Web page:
As the source code for Solaris is no longer publicly available, I used Illumos source code. The program was tested only on Solaris 11 x86, although it probably works fine on Solaris 10 and Illumos, and should work on SPARC as well.

It is a quick "hack", with no safeguards, no proper argument parsing, etc.
Use it at your own risk.

// gcc -m64 -lproc -o pr_setsockopt pr_setsockopt.c

#include <sys/types.h>
#include <sys/mman.h>
#include <stdio.h>
#include <stdlib.h>
#include <errno.h>
#include <libproc.h>

pr_setsockopt(struct ps_prochandle *Pr, int sock, int level, int optname, void *optval, int optlen) {
  sysret_t rval;  /* return value from getsockopt() */
  argdes_t argd[5]; /* arg descriptors for getsockopt() */
  argdes_t *adp;
  int error;

  if (Pr == NULL)  /* no subject process */
    return (_so_setsockopt(sock, level, optname, optval, optlen));

  adp = &argd[0];  /* sock argument */
  adp->arg_value = sock;
  adp->arg_object = NULL;
  adp->arg_type = AT_BYVAL;
  adp->arg_inout = AI_INPUT;
  adp->arg_size = 0;

  adp++;   /* level argument */
  adp->arg_value = level;
  adp->arg_object = NULL;
  adp->arg_type = AT_BYVAL;
  adp->arg_inout = AI_INPUT;
  adp->arg_size = 0;

  adp++;   /* optname argument */
  adp->arg_value = optname;
  adp->arg_object = NULL;
  adp->arg_type = AT_BYVAL;
  adp->arg_inout = AI_INPUT;
  adp->arg_size = 0;

  adp++;   /* optval argument */
  adp->arg_value = 0;
  adp->arg_object = optval;
  adp->arg_type = AT_BYREF;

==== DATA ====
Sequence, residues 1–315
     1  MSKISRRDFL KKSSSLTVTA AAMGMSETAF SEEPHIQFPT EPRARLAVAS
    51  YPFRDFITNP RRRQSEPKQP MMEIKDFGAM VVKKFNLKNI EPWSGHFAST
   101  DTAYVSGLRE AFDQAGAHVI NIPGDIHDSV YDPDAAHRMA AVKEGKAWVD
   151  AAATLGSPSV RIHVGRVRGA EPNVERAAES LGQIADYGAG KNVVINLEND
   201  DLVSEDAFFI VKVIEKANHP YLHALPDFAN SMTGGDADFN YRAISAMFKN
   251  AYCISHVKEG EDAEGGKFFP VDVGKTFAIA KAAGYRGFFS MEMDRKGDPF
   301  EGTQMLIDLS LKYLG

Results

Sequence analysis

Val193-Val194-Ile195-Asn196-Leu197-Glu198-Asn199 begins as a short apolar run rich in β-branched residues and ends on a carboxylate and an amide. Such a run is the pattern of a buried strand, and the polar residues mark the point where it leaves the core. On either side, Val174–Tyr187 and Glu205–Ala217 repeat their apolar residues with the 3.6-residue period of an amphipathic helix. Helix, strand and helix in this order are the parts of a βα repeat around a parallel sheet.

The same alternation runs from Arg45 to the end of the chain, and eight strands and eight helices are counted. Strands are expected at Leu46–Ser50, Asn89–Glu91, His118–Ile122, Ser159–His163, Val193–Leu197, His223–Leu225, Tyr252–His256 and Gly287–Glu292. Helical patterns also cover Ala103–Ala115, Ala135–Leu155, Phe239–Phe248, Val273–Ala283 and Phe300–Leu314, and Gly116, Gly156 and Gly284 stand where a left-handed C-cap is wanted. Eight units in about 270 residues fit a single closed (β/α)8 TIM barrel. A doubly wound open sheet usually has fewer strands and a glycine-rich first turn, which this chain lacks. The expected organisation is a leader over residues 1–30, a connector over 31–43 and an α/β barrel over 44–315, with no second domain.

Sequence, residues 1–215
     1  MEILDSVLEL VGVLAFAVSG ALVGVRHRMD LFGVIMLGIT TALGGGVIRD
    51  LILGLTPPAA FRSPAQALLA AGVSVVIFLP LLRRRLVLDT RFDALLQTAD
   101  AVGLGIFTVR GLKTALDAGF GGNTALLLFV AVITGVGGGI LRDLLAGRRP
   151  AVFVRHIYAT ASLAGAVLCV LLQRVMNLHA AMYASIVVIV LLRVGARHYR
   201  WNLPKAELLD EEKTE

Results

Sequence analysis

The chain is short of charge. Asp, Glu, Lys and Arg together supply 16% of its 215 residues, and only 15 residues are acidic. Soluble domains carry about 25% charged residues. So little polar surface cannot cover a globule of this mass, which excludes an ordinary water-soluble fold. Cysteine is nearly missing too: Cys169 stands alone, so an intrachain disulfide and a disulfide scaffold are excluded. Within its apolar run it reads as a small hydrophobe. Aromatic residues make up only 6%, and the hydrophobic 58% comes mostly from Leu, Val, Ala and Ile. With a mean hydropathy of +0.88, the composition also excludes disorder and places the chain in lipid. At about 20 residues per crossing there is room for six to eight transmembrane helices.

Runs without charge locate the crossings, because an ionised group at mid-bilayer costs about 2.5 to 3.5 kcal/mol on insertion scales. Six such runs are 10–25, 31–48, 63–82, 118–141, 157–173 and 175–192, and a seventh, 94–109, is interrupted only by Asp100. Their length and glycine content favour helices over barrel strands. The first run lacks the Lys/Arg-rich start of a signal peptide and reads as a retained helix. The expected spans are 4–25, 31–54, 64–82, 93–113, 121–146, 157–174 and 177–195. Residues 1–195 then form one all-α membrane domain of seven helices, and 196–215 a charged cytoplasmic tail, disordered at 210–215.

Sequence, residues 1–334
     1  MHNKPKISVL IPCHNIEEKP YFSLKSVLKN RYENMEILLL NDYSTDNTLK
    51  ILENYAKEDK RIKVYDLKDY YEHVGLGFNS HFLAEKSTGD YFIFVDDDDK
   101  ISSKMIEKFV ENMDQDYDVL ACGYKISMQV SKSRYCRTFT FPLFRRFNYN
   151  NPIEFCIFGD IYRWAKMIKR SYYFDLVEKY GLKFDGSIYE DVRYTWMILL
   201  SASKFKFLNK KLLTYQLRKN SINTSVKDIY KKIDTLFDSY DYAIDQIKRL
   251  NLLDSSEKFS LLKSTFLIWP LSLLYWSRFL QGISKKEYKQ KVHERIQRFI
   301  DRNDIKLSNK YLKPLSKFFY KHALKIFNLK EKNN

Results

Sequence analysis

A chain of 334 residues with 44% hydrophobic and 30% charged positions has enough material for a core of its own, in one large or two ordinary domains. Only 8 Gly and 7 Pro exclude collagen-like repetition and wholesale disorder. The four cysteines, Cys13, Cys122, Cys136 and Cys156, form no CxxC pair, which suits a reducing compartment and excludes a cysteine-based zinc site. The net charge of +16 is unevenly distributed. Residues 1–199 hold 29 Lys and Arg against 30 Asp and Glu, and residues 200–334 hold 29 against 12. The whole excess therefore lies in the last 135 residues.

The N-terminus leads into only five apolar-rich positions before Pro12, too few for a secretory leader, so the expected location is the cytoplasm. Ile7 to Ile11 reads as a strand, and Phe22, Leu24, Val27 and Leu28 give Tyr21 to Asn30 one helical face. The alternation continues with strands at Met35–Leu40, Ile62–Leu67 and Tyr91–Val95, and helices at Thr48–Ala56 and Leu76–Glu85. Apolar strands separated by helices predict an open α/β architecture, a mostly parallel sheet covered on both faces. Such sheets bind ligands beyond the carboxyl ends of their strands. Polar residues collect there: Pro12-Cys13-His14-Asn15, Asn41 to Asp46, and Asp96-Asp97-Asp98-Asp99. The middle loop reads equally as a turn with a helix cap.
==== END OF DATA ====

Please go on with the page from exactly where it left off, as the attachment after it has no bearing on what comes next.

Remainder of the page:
adp->arg_inout = AI_INPUT;
  adp->arg_size = optlen == NULL ? 0 : optlen;

  adp++;   /* optlen argument */
  adp->arg_value = optlen;
  adp->arg_object = NULL;
  adp->arg_type = AT_BYVAL;
  adp->arg_inout = AI_INPUT;
  adp->arg_size = 0;

  error = Psyscall(Pr, &rval, SYS_setsockopt, 5, &argd[0]);

  if (error) {
    errno = (error > 0)? error : ENOSYS;
    return (-1);
  return (0);

int main(int argc, char **argv) {
  pid_t pid;
  int fd;
  int perr;
  static struct ps_prochandle *Pr;

  pid = atop(argv[1]);
  fd = atoi(argv[2]);

  if((Pr = Pgrab(pid, PGRAB_NOSTOP, &perr)) == NULL) {
    printf("Pgrab() failed: %s\n", Pgrab_error(perr));

  int rcvbuf = 0;
  int rcvbuf_size = sizeof(rcvbuf);
  if(pr_getsockopt(Pr, fd, SOL_SOCKET, SO_RCVBUF, &rcvbuf, &rcvbuf_size)) {
    perror("pr_getsockopt() failed");
    Prelease(Pr, 0);

  printf("Current SO_RCVBUF is %d\n", rcvbuf);

  rcvbuf = atoi(argv[3]);
  if(pr_setsockopt(Pr, fd, SOL_SOCKET, SO_RCVBUF, &rcvbuf, rcvbuf_size)) {
    perror("pr_setsockopt() failed");
    Prelease(Pr, 0);

  if(pr_getsockopt(Pr, fd, SOL_SOCKET, SO_RCVBUF, &rcvbuf, &rcvbuf_size)) {
    perror("pr_getsockopt() failed");
    Prelease(Pr, 0);

  printf("New SO_RCVBUF is %d\n", rcvbuf);

  Prelease(Pr, 0);
  Pr = NULL;


Wednesday, March 02, 2016

Full command line returned by ps

ps command can now show full command line on Solaris 11 as well. Thank you Casper.
For more details see here.

Sunday, August 30, 2015

Remote Management of ZFS servers with Puppet and RAD

Manuel Zach blogs about how to use Puppet and the new Solaris RAD's REST interface introduced in Solaris 11.3. Solaris RAD is really interesting if you want to manage your servers via a programmatic interface.

Friday, August 07, 2015

Kernel Zones - Adding Local Disks

It is possible to add a disk drive to a kernel zone by specifying its physical location intead of CTD.

add device
set storage=dev:chassis/SYS/HDD23/disk
set id=1
This is very nice on servers like x5-2l with pass-thru controller when all 26 local disks are visible like this.

Friday, July 10, 2015

Solaris 11.3 Beta

Solaris 11.3 Beta is available now. There are many interesting new features and lots of improvements.
Some of them have already been available if you had access to Solaris Support repository, but if not now you can play with ZFS persistent l2arc, which can also hold compressed blocks, or ZFS/lz4 compression, or perhaps you fancy a new (to Solaris) OpenBSD Packet Filter, or... see What's New for more details on all the new features.

Also see a collection of blog posts which have more technical details about the new features.
New batch of blogs about the new update.